The Pacific Agreement on Closer Economic Relations - Plus (PACER-Plus) agreement between Australia, New Zealand and 12 Pacific Island countries was finalised in Brisbane in April 2017. PACER-plus negotiations began in 2009 with 14 Pacific Island countries involved in the talks. The deal was signed on June 14, 2017, but the two  largest economies,  Papua New Guinea and Fiji , representing 80% of the combined GDP of Pacific Island countries, did not sign. Both have said the agreement threatens their infant industries and would not benefit their economies. 

PACER Plus was tabled in the Australian parliament in November 2017 and was reviewed by the Joint Standing Committee on Treaties which reported  on   May 9, 2018. Community groups made submissions recommending against implementation, pending independent assessments of the economic, environmental , health and gender impacts of the deal in Pacific Island countries. See the AFTINET submission  here  and the Committee Report here.  The report admitted that he absence of Fiji and PNG greatly diminished its significance,  that the main benefits would flow to Australia and New Zealand and that rapid removal of tariffs and services deregulation could harm small and vulnerable Pacific Island economies.Despite these admissions, the report recommended that the implementing legislation be approved. See AFTINET analysis here. The implemeting legislation was approved by Parliament on September 25, 2018.

One-sided deal

PNG and Fiji’s rejection shows that the PACER-plus agreement is heavily skewed towards the interests of Australia and New Zealand, who want lower tariffs for their exports and more rights for foreign investors. This is despite early rhetoric that the agreement was about the development needs of Pacific Islands.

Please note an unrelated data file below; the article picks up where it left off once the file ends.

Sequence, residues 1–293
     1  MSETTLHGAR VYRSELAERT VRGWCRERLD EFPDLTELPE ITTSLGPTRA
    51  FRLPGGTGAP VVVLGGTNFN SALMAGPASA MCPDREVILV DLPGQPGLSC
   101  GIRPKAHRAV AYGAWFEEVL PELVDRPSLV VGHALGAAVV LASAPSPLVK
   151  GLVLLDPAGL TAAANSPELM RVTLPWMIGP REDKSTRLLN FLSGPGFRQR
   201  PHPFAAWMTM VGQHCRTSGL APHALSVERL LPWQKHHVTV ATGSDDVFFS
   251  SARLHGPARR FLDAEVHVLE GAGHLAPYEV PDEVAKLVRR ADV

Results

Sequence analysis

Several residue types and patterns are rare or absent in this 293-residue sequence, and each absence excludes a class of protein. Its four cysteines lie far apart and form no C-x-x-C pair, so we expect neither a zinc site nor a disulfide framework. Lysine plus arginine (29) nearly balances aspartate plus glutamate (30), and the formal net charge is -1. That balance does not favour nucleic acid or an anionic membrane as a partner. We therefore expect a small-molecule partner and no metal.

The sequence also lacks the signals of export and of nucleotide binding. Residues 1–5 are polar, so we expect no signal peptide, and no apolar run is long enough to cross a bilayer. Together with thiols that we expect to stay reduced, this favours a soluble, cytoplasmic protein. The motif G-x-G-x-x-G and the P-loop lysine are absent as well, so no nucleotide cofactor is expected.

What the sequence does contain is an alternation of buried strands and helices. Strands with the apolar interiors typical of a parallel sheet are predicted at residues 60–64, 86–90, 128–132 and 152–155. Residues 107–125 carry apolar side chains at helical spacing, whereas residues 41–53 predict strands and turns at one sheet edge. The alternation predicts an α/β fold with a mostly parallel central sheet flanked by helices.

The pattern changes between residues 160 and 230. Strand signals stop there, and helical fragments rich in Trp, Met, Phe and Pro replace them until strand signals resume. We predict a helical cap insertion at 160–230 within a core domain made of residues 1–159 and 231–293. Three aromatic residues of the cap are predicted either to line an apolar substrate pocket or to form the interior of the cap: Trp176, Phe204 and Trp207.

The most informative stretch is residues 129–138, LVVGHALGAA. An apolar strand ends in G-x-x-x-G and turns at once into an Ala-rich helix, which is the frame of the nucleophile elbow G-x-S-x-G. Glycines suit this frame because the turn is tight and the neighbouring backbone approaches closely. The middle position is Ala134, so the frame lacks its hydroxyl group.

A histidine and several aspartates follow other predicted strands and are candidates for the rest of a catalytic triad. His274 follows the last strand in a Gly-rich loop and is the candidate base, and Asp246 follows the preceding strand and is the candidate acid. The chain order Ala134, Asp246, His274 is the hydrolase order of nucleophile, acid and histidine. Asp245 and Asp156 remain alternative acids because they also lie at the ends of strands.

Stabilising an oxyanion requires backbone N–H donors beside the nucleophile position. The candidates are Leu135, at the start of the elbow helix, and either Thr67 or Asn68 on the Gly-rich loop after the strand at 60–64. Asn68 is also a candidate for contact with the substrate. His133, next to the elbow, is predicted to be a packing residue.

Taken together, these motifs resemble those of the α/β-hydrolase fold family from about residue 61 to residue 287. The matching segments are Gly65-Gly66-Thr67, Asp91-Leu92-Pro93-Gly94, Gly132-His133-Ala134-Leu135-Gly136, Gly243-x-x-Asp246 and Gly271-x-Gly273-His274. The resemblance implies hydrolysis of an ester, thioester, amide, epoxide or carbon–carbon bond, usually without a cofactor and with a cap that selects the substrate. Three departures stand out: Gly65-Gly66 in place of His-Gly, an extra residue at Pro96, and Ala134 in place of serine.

AFTINET is concerned that the smaller island economies have less negotiating power than Fiji and PNG and may have been pressured by the Australian and New Zealand governments into signing a deal which does not benefit them.

Many of these are small and vulnerable economies facing many challenges, and any regional free trade agreement that covers trade in goods, services and foreign investment needs detailed research to measure the impact of trade liberalisation. Yet very few studies have looked at the effect of PACER-Plus on specific industries.

The negotiations were  conducted in secret, making it very difficult for civil society organisations and Pacific Island communities to make a meaningful contribution to the process. However, leaked documents did reveal many issues of concern to Pacific Island civil society groups, and the Pacific Network on Globalisation published a 2016 report, Defending Pacific ways of life: A People’s Social Impact Assessment of PACER-Plus , and a  2017 Peoples' Guide to PACER-Plus.

Loss of revenue for Pacific Island nations

Pacific Island countries already have tariff-free access for their goods in Australia, so PACER-plus provides no extra market access. The main purpose of PACER-Plus is to reduce tariffs on Pacific Island imports from Australia and New Zealand and to reduce the ability of governments to regulate foreign investment in services and other sectors.

Tariff reductions would lead to significant revenue losses for smaller Pacific Island countries, and it is unclear how these losses can be offset. This could impact on the ability of these governments to provide essential services to their populations. Many Pacific Island governments are already struggling to provide public services like health, education, water, police and emergency services.

One option is to implement Value Added Taxes (VAT) as a replacement for tariffs. However, the International Monetary Fund concluded that developing countries that implement VAT only collect 30 per cent of the revenue they previously received from tariffs.

Trade in services rules could reduce governments’ ability to regulate in the public interest

PACER-plus trade-in-services rules could create pressure for privatisation and reduce the ability of governments to regulate to provide equitable access to essential services for vulnerable populations.

More information

Updated: March 2018